While preparing to write this article, I took my editors' advice and watched the Nextflix Limited Series, Inside Bill’s Brain. Although I never got past the first episode, it was enough to set me on the right path in my writing.
In 2011, Bill Gates, the world’s second-richest man at that time, had just read the World Development Report — quite a hefty tome — and found some pretty disturbing information. Three million times a year, parents buried their children who had died of diarrhoea.
Because of a lack of access to toilets, clean water, and, most times, faulty drainage systems, human waste often ended up in the waterways where they obtained drinking water.
That same year, Gates decided to fund a $200 million research project to reinvent the toilet as we know it. Eventually, he and his team succeeded, designing a waterless toilet with a waste treatment system that could create clean water from poo, but not before shocking the whole world with a jar of human faeces.
On the way to this, Gates had found some interesting inventions: solar-powered toilets, a screw toilet, and even a squat toilet.
Although my decision to write an article about sanitation-tech startups in Africa had already been fully formed, this was the perfect head of steam to kickstart my engine.
But to understand where I was going, I needed a brief tour into the history of the toilet
An abridged history
The word ‘toilet’ hasn’t always been in the English vocabulary as we know it. It was coined from the French word, toilette, which means ‘a small piece of cloth’. So, at that time, the word toilet evolved from ‘a piece of cloth used for shaving’ to one ‘covering a table.’ This was in the 15th century.
In the late 18th century, it became known as the room where grooming and washing took place. But it was not until the 19th century that it was first used to refer to the fixture, ‘toilet’.
According to the Merriam Webster Dictionary, a toilet is “a fixture that consists usually of a water-flushed bowl and seat and is used for defecation and urination.”
Following this definition, a hole in the ground is most definitely not a toilet; even a pit latrine is not a toilet. However, the first real invention for man to do the ‘number two’ was a hole in the ground.
From there, we had a sea of highs and lows, with early civilisations in the Indus Valley, Egypt, Scotland, and Mesopotamia having some form of ‘plumbing’ which enabled them to carry out waste from their dwelling.
However, from these ‘inventions’, the world regressed to garderobes or commodes, which were essentially closets hanging over a wall and from there to disgusting but often beautifully designed little containers called chamber pots.
It wasn’t until 1596 that the first flushing toilet — the ‘Jakes’ — was invented by Sir John Harington. It used 7.5 gallons of water from an upstairs cistern to flush waste.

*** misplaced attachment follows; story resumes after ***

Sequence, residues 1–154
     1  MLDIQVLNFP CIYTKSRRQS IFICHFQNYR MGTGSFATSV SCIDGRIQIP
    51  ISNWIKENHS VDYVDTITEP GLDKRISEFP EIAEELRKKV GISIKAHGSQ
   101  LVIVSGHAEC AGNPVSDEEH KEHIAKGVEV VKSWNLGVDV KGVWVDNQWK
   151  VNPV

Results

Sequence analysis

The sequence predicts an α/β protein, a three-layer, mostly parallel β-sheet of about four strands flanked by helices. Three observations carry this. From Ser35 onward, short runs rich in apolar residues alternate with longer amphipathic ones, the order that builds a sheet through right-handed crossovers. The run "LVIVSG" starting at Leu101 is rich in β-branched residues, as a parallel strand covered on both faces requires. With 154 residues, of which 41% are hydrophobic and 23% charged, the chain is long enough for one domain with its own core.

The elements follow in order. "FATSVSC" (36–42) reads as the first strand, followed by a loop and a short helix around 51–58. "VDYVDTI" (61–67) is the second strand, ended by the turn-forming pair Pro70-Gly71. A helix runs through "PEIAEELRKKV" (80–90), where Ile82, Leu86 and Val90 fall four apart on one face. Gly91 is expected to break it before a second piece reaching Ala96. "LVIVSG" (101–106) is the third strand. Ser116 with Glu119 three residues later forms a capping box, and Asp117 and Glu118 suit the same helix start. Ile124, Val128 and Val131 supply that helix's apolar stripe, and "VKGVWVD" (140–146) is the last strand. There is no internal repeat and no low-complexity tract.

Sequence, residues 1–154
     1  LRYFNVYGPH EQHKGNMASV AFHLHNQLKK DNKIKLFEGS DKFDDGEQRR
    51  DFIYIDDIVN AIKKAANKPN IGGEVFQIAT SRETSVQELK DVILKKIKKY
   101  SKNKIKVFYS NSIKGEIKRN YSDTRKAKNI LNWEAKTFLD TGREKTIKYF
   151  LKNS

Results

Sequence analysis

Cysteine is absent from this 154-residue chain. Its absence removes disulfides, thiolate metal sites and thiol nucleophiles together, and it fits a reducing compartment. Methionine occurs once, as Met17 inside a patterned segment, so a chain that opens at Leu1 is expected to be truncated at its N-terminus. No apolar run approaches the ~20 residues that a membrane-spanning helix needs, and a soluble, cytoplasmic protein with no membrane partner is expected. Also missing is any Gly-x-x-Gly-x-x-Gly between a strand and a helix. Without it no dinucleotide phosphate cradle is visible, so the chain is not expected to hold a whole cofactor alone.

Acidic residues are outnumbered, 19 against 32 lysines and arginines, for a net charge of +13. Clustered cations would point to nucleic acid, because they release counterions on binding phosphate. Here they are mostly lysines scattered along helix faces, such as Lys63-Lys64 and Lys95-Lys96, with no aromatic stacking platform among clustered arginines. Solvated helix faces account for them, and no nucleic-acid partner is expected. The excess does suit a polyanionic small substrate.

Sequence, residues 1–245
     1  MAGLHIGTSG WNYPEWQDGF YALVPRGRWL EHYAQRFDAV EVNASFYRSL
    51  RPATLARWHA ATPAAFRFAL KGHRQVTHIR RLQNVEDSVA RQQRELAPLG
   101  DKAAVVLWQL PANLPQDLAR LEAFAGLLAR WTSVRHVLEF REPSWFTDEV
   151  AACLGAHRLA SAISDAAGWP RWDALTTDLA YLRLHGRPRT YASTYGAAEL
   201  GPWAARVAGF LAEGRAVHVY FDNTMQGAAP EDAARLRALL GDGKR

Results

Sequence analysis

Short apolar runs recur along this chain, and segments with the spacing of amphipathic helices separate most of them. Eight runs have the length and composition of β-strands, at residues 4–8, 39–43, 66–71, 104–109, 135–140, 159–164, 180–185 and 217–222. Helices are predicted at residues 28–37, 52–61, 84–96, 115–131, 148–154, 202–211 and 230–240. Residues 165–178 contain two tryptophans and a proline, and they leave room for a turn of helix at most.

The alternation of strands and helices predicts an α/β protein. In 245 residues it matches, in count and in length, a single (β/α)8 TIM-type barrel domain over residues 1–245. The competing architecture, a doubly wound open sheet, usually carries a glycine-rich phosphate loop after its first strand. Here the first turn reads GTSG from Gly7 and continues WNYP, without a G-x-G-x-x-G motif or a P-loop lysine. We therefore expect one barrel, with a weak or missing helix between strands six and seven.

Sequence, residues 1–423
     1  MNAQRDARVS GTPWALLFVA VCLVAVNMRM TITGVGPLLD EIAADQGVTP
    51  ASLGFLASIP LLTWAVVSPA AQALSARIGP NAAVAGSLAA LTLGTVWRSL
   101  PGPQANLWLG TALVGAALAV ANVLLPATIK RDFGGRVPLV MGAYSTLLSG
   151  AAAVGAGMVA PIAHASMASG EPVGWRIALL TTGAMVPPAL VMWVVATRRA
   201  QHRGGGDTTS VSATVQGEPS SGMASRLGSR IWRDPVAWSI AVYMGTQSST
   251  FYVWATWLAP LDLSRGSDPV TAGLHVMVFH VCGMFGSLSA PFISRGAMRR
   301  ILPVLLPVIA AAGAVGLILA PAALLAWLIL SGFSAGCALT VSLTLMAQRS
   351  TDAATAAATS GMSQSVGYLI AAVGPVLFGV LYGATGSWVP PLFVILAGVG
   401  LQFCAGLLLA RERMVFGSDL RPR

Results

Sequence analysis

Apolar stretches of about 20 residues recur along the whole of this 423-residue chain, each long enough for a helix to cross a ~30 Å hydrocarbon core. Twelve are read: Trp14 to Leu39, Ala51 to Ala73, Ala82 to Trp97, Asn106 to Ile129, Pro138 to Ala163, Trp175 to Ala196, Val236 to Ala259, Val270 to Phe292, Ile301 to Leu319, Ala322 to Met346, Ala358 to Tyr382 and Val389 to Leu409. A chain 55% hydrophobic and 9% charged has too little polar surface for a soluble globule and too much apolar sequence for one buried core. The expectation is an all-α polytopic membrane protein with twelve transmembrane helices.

From there, not much changed until the invention of the ballcock by Thomas Crapper in the late 19th century. It’s that round ball in a water tank that keeps it from overfilling.
Fast forward to the present day, and we now have inventions like waterless toilets, toilets with FM Radio and LED lights, and toilets made entirely out of gold. They are so commonplace that most people have access to them, or so we’d like to think.
Visiting the numbers
According to the World Health Organization (WHO), there are presently 3.6 billion people without toilets. This number has increased from 2.3 billion in 2018 when one in three people did not have access to toilets.
892 million of the 2018 number openly defecated
In Africa, as of 2019, Nigeria was the second-worst country globally and the first on the continent where open defecation was prevalent.
In 2019, the Water, Sanitation, Hygiene National Outcome Routine Mapping (WASH NORM) was commissioned by the Federal Ministry of Water Resources (FMWR) and carried out by the National Bureau of Statistics (NBS), with technical and financial support from UNICEF, African Development Bank (AfDB), and the World Bank.
The survey revealed that 47 million Nigerians openly defecated.
A lack of access to toilets is invariably linked to problems with clean potable water and, of course, diarrhoea.
Interestingly, according to a study on the Variation in childhood diarrheal morbidity and mortality in Africa, 2000–2015, by Bobby Reiner, Simon Iain Hay, and others, diarrheal diseases were the third leading cause of death among children below the age of five in Africa.
The numbers spread unequally among the countries. The countries with the highest number of deaths were Benin, Lesotho, Mali, Nigeria, and Sierra Leone. With a projected market cap of $13 billion by 2025, it does seem like there’s more to this space than meets the eye.
So, who are the players in Africa’s sanitation ecosystem, and what tech are they employing to help? I found quite a number but focused on just three.
Founded in 2014 by Saheed and Lola Awojide, Innocrave Solutions is a service solutions consulting firm in Lagos State, Nigeria, with solutions like its Turbowarshit steam technology and the Ladies&Gents tech-enabled toilet.
For the pair, the issue of open defecation and sanitation is something of a personal problem, having had harrowing experiences in the university.
As Saheed tells me, “Unfortunately, two of us went to two different schools, but we had the same challenges of sanitation. Sanitation was a big problem for the two of us. You have a WC that’s meant to be used by four people, and you’d see fifty students using one.”
Having moved to Canada in 2009, the couple decided this was an excellent opportunity to give back to the community — trying to solve the open defecation problem and create job opportunities in one fell swoop.
With a beautifully designed interior, the Ladies&Gents is a tech-enabled facility with touchless toilets, soap dispensers, and water faucets. It is air-conditioned and uses steam technology for cleaning. The company employs an Android Access Management system that enables users to access the toilet using biometric technology.